Aberlour Children’s Charity has called on the Scottish Government to deliver a budget that puts more money in the pockets of families struggling to afford basic everyday essential items such as food and clothing.
In a letter to the Cabinet Secretary for Finance, Economy and Fair Work, SallyAnn Kelly, Chief Executive of Aberlour Children’s Charity, urged the Scottish Government to introduce the new Family Income Supplement much earlier than planned and provide immediate financial assistance for the more than 1,000,000 people, including 230,000 children, currently living in poverty in Scotland1.
Earlier this year, The Scottish Government committed to introducing the new Family Income Supplement by 2022. Aberlour’s Chief Executive says this is simply too long to wait for the countless families living in poverty today.
The call comes as figures show applications to the charity’s Urgent Assistance Fund – which provides cash grants for families in urgent need of help across the country – rose by 80% in the last 12 months2. In addition to this, a new piece of qualitative research undertaken by Aberlour and Parenting Across Scotland, commissioned by Social Work Scotland and due to be published at the end of this year, will reveal the distressing personal experiences of families around the country forced to request crisis support.
Not only does living in poverty have an immediate negative impact on the family, but there is a significant long-term impact of financial hardship on the social and emotional wellbeing of children. Younger children are missing out on the activities that many families take for granted, while older children are aware of the differences between themselves and their peers, which results in them withdrawing from friendship groups at important stages in their emotional and social development.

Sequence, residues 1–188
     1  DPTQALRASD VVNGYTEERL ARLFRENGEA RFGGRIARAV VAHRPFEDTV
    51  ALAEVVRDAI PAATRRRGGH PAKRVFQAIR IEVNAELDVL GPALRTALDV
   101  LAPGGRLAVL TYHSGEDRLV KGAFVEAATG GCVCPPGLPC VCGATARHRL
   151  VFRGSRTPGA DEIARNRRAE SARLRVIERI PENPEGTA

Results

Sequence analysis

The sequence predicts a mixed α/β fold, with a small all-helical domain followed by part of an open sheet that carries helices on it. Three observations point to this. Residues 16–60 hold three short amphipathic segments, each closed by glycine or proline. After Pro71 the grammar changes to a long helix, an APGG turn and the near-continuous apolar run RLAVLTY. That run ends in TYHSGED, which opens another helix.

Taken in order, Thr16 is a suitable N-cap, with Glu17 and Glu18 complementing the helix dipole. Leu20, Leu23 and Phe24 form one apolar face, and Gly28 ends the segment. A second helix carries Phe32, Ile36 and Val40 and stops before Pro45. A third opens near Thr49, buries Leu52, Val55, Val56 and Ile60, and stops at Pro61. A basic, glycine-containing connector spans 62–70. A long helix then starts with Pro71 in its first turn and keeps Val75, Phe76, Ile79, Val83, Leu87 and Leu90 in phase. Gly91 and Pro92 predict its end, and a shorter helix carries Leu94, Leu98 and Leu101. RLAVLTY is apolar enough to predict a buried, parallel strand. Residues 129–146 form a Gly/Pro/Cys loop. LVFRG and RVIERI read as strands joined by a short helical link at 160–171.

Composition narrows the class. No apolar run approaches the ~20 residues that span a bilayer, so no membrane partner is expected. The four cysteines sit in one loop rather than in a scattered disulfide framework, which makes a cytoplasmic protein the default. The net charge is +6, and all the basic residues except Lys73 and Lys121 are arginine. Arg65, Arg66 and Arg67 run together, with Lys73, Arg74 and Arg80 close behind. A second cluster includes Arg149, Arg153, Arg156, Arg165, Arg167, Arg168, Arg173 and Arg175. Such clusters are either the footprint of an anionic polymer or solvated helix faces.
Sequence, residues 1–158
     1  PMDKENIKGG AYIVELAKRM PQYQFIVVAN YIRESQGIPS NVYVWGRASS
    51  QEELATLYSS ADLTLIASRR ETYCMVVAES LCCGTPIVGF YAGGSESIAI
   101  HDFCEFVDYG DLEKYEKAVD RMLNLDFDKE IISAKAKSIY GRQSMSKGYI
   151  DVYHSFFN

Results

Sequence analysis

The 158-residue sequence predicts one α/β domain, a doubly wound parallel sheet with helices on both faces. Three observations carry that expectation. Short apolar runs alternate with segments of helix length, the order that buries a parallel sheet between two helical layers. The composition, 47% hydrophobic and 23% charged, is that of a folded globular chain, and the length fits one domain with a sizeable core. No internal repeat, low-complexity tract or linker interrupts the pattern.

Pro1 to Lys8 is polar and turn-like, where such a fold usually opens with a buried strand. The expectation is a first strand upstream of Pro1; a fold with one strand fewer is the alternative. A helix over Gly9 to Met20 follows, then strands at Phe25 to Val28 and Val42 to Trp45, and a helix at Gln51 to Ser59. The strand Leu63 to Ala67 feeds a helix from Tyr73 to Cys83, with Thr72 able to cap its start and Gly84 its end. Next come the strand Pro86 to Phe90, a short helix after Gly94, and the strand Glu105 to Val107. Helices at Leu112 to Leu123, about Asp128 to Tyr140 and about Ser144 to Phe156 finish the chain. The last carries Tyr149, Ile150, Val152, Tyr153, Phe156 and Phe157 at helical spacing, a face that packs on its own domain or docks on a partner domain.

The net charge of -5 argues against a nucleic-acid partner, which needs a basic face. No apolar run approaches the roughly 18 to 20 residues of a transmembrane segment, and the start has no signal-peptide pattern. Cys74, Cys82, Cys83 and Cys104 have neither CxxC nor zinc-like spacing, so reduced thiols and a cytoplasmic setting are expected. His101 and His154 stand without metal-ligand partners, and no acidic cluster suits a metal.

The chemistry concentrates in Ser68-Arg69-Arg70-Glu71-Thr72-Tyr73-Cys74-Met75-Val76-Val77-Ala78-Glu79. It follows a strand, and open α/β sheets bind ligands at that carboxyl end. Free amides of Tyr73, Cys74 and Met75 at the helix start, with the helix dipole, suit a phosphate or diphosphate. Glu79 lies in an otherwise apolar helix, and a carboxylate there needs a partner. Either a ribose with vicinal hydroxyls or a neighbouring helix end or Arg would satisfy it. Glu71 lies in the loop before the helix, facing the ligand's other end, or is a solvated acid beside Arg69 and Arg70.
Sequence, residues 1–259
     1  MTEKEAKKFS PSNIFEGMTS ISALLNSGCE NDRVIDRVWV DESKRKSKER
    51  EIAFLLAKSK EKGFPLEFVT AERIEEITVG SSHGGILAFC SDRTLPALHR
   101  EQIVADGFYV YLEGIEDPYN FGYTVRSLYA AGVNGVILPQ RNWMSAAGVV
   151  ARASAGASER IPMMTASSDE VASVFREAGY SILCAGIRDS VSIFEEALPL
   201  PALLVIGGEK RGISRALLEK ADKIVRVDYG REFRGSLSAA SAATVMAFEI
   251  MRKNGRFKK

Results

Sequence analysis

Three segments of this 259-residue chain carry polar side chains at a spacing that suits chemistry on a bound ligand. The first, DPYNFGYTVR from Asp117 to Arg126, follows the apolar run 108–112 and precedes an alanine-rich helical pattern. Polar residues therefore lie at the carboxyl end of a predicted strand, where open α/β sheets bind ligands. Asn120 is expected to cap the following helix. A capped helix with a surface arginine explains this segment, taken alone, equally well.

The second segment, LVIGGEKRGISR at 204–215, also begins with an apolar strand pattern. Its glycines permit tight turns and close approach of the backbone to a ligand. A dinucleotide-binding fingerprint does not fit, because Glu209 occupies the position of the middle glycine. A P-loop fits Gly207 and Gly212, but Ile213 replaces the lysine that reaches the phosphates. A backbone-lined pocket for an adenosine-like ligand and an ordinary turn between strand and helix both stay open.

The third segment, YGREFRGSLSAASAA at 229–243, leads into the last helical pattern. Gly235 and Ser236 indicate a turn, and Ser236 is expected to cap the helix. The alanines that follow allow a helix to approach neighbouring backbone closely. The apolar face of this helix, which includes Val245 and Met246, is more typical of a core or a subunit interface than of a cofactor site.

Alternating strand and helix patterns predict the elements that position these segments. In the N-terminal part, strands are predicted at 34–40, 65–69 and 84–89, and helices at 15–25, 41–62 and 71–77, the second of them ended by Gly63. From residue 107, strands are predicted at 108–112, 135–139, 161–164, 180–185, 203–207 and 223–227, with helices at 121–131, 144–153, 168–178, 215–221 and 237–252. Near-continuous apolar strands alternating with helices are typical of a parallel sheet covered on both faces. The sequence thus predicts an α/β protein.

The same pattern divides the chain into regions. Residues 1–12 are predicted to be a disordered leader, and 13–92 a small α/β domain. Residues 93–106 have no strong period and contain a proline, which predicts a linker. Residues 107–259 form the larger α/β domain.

Chief Executive of Aberlour Children’s Charity, Sally-Ann Kelly said: “I am urging the Scottish Government to bring forward the introduction of the Family Income Supplement to help the thousands of families in need of urgent financial assistance today, not in three or four years’ time. Poverty is a political decision and it is wrong that in 21st century Scotland anyone should be living in such extreme poverty. Some families who access Aberlour’s Urgent Assistance Fund are unable to afford the most basic household essentials; it simply shouldn’t be this way. We need a budget that provides more money for low income households right now to enable them to live and function as families.”
1 The Scottish Government (2018), Poverty and income inequality in Scotland: 2014-2017, PPDAS375526, Edinburgh. Available at: www.gov.scot/binaries/content/documents/govscot/publications/statistics-publication/2018/03/poverty-income-inequality-scotland-2014-17/documents/00533112-pdf/00533112-pdf/govscot%3Adocument
2 Aberlour’s Urgent Assistance Fund increase in applications:
From September 16 – September 17:
- 172 Applications
- £32,923 given out
From September 17 – September 18:
- 309 Applications
- £69,936 given out